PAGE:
About Gaucher Disease
Type 2 Gaucher Disease
Type 2 Gaucher disease is the rare acute neurological form of Gaucher disease, which accounts for approximately 5% of all Gaucher disease patients. The prevalence of type 2 Gaucher disease is almost zero because most type 2 patients do not live past the age of 2 years. It is characterized by severe neurological involvement of the brainstem that is associated with enlargement of internal abdominal organs. The first signs and symptoms occur around 3 to 6 months of age, which include:
- Oculomotor paralysis: infants have difficulty with normal eye movements and may appear cross-eyed
- Severe swallowing difficulty
- Increasing spasticity
- Difficulty with normal movements
- Myoclonic epilepsy: seizures
Type 2 Gaucher disease is a lysosomal storage disease caused by a mutation in the GBA gene on chromosome 1q21. This gene codes for glucocerebrosidase, which is a lysosomal enzyme. Enzymes are proteins that catalyze chemical reactions of other substances. Glucocerebrosidase helps cleave glucose from glucocerebrosides. Therefore, when there is a deficiency in glucocerebrosidase, there will be an accumulation of glucosylceramide in gaucher cells of the liver, spleen and bone marrow. Diagnosis of Gaucher disease can be confirmed by demonstrating a cellular deficiency in glucocerebrosidase enzyme activity.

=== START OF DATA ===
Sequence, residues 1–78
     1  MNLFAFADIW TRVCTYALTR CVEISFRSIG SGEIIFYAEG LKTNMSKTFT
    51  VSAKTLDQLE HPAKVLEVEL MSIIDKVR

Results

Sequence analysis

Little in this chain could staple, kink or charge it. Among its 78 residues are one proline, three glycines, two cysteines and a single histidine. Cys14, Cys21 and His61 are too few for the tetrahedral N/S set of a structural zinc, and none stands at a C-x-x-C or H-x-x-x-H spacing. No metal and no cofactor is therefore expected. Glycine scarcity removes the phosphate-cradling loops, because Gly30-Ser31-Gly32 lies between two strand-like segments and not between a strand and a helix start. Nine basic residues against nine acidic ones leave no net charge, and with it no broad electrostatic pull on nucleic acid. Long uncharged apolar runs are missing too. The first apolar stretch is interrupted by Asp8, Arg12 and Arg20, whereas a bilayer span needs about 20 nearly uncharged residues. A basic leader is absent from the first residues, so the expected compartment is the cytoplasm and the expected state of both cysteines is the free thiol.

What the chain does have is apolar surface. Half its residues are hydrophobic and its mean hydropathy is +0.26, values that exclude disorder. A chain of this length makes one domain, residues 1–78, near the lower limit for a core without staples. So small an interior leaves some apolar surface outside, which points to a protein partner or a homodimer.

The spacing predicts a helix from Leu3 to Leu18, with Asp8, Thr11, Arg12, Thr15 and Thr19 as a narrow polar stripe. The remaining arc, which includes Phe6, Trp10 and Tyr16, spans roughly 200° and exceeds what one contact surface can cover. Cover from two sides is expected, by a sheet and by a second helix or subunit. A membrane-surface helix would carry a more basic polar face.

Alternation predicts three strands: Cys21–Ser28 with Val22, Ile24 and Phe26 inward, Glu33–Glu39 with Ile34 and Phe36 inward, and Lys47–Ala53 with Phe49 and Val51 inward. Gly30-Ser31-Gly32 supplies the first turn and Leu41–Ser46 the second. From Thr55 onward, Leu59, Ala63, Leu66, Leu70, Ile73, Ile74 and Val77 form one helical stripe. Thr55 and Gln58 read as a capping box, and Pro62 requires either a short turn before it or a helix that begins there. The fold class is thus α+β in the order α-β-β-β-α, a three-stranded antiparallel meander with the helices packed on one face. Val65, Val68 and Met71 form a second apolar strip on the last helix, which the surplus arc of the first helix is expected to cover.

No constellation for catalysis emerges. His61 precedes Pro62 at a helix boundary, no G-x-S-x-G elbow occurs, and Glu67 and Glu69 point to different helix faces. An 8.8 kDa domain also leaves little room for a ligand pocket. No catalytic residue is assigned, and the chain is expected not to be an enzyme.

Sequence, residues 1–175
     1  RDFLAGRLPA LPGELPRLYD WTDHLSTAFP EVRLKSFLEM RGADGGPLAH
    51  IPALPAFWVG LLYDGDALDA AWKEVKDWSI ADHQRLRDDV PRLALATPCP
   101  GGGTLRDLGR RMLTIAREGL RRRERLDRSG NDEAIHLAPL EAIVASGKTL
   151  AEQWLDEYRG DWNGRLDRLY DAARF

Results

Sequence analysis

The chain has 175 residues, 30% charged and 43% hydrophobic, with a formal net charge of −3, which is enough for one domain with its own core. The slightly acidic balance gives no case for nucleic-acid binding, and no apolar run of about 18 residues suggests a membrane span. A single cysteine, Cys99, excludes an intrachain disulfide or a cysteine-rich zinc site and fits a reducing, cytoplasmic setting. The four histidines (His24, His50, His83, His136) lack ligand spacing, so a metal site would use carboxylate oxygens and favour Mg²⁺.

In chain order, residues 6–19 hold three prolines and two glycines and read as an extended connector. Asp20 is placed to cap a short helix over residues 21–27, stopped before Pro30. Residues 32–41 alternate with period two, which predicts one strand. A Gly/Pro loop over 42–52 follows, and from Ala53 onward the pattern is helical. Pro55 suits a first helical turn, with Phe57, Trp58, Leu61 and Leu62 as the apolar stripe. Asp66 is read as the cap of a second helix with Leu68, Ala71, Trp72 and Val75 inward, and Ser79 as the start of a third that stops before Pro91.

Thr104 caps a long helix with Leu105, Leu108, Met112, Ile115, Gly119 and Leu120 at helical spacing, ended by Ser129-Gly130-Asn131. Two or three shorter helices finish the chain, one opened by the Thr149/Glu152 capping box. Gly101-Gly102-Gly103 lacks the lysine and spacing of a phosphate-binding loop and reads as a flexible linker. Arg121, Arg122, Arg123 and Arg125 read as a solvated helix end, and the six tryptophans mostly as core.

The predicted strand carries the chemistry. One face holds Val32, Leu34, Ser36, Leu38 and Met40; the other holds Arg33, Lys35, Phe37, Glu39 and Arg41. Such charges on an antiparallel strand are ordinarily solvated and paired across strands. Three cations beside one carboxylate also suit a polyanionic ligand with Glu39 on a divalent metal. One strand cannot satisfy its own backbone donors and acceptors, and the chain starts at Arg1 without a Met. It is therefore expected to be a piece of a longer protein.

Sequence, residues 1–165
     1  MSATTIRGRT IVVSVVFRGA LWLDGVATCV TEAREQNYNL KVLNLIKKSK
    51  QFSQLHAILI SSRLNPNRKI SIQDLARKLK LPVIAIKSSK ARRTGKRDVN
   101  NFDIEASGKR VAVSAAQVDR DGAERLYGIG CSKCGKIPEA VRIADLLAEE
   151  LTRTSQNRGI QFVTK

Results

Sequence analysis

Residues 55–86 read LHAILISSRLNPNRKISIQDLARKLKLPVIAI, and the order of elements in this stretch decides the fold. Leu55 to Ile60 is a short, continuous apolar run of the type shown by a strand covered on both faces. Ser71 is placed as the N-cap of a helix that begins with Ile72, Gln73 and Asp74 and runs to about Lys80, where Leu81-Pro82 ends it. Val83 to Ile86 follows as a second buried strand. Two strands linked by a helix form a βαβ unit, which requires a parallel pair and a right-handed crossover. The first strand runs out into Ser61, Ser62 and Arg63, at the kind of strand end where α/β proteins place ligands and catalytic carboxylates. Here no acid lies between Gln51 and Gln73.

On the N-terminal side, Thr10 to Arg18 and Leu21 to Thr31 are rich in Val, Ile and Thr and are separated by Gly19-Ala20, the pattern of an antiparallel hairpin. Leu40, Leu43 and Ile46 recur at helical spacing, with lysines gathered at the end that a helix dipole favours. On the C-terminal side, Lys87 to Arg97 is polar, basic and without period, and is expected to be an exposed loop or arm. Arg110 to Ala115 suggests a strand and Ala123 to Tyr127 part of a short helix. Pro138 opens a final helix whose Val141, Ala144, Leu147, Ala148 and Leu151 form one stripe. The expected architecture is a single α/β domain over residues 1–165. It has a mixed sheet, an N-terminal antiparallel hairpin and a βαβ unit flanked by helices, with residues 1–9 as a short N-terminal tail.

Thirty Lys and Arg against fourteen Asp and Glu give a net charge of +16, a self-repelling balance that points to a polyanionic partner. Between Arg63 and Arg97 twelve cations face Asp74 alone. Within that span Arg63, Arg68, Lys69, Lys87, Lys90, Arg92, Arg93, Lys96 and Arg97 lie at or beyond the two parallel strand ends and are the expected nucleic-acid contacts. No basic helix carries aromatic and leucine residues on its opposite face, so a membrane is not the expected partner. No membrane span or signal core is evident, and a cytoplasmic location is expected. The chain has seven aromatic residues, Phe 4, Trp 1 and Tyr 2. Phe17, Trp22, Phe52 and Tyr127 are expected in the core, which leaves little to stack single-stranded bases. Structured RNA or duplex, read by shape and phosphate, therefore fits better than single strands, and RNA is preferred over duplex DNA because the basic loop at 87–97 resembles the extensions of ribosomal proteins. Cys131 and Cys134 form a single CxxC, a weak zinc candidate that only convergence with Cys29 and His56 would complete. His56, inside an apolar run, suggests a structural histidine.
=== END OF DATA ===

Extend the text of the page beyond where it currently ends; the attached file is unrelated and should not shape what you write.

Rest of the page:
Type 2 patients do not survive long enough to display signs and symptoms associated with Type 1 and 3 Gaucher disease. Treatments used for Gaucher type 1 and 3 have not been shown to have an effect on neurological symptoms associated with type 2 Gaucher disease, as exogenously administered enzyme does not cross the blood-brain barrier. If a patient has a family history or has already lost a child to type 2 Gaucher disease, a prenatal diagnosis can be done by measuring the enzyme activity between 10 and 12 weeks of pregnancy.